Notes on Writers Who Have Something To Say
January 27, 2014 § Leave a comment
Raymond Carver is like an old friend I call up every so often just for the conversation. I see him as rumpled and kind of uh huh-ing into the phone’s receiver. He never disappoints. His is often one of the books I pick up—either poetry or short story—late at night if I cannot sleep. His people are real and often up against it but somehow even in the most dire of circumstances, there is humor and gritty hope. Toward the end of his life, he received an honorary Doctor of Letters degree in May of 1988 from the University of Hartford. At the Commencement ceremony, he offered a meditation on a line from Saint Teresa. It was his last-written work of prose and I offer a part of it here—it’s good to think about at night when you cannot sleep.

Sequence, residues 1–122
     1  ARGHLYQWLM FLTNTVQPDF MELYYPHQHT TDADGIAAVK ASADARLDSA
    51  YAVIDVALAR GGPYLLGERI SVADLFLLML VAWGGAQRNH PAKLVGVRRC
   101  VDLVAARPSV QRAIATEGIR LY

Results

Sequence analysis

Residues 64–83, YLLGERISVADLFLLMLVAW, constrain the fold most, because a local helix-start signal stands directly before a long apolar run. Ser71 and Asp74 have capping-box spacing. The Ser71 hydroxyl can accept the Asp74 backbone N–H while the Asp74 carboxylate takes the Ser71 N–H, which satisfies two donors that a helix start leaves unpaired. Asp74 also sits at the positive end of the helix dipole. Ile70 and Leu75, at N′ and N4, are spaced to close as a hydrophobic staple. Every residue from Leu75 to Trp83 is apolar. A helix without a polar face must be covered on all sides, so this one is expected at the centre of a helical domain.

“Words lead to deeds….They prepare the soul, make it ready, and move it to tenderness.” Carver comments that, “There is clarity and beauty in that thought expressed in just that way. I’ll say it again, because there is something a little foreign in this sentiment coming to our attention at this remove, in a time certainly less supportive of the important connection between what we say and what we do: Words lead to deeds….They prepare the soul, make it ready, and move it to tenderness.” Not a bad thought for a writer any time of the day or night.